Katinka Hosszu Fires Up Crowd With Early Run at 400 IM World Record

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BARCELONA, Spain, August 4. HUNGARY’s Katinka Hosszu definitely did not have the closing speed of world-record holder Ye Shiwen, but the Iron Lady gave the global standard of the women’s 400-meter IM a run this morning at the FINA World Championships.

Hosszu went out in 3:29.47 at the 300-meter mark, under Ye’s world-record pace, but did not have a similar stunning 58-second freestyle leg to challenge Ye’s world record of 4:28.43 from the 2012 London Olympics. Hosszu wound up settling for a preliminary-leading time of 4:32.72. That’s easily the fastest time in the world this year, crushing the previous top time of 4:34.21 set by Hannah Miley at The Netherlands Cup.

Hosszu will be vying for her third world career long course world title, and would like to reclaim her distance medley hardware after first winning the event in 2009. Thus far, she’s won the 200 IM and took bronze in the 200 fly this week, and she’s likely going to medal in the 400 IM tonight for a third medallion. That would match her 2009 performance with a gold and two bronzes.

Spain’s Mireia Belmonte Garcia posted a 4:34.64 to take second this morning. That kept the local favorite sixth in the world this year, but bettered her season best of 4:35.27 from the Spanish Open earlier this year. She’s only about a half-a-second off her lifetime best of 4:33.91 from the 2012 Spanish Open.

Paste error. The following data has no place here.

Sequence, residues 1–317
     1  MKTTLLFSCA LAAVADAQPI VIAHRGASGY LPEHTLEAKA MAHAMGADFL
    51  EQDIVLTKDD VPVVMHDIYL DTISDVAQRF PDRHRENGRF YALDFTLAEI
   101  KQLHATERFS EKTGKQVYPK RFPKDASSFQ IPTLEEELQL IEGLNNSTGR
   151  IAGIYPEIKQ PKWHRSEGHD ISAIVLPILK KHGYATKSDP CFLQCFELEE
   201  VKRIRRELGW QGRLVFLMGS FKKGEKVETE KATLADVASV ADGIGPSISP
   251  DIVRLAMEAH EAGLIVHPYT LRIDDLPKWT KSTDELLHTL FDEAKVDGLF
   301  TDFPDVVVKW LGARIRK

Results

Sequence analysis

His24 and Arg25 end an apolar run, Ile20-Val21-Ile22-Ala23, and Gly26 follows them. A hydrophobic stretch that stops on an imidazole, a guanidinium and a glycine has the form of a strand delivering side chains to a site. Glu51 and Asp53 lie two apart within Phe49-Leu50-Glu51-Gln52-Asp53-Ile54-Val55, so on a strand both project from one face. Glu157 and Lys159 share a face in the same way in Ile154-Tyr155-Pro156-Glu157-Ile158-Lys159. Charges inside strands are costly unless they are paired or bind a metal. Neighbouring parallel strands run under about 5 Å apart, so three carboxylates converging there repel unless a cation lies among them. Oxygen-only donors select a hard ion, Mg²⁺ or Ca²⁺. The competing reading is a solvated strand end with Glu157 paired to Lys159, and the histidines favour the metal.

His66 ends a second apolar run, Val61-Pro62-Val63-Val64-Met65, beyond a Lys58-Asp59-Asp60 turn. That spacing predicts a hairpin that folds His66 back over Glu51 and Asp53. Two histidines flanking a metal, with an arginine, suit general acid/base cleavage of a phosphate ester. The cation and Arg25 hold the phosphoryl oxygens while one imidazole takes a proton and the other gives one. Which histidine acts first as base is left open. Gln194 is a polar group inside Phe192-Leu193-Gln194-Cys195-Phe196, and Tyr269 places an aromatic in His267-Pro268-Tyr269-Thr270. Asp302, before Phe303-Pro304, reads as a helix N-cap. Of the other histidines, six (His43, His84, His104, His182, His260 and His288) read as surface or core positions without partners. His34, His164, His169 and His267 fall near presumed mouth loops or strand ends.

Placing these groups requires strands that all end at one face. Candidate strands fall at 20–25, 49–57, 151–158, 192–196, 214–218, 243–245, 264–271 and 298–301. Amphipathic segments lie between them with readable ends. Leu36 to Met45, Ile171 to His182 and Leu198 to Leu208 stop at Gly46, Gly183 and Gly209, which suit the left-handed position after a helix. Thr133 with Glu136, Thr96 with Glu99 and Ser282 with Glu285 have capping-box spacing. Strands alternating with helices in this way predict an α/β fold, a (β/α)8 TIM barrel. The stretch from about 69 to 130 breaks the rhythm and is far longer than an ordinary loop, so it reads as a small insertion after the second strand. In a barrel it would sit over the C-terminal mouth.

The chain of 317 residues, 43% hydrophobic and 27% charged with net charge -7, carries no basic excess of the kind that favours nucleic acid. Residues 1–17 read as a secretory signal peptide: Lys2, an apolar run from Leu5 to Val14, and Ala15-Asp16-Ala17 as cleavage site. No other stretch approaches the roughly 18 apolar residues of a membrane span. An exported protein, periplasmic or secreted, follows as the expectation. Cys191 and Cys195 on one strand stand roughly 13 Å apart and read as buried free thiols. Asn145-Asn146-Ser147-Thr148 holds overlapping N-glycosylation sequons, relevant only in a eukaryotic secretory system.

Ye, the reigning Olympic gold medalist and world-record holder, eased through prelims with a 4:34.93. She’s been a bit faster this year with a 4:34.27 from Chinese Nationals. She’s looking to return the world title to the Chinese for the first time since the 90s when it ruled the event with wins from Lin Li (1991), Guohong Dai (1994) and Yan Chen (1998) spanning nearly a decade before Yana Klochkova came along with a back-to-back in 2001 and 2003 to start the new millennium.

Hungary’s Zsuzsanna Jakabos tied Ye with a 4:34.93 in the final heat to put herself into medal contention, while Miley finished fifth in 4:34.94. Defending champion Elizabeth Beisel put up an easy speed 4:35.17 for sixth in the finale, while teammate Maya DiRado picked up seventh in 4:37.39. Japan’s Miyu Otsuka snared the last transfer spot into the finale with a 4:37.77 for eighth.

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Author: Archive Team

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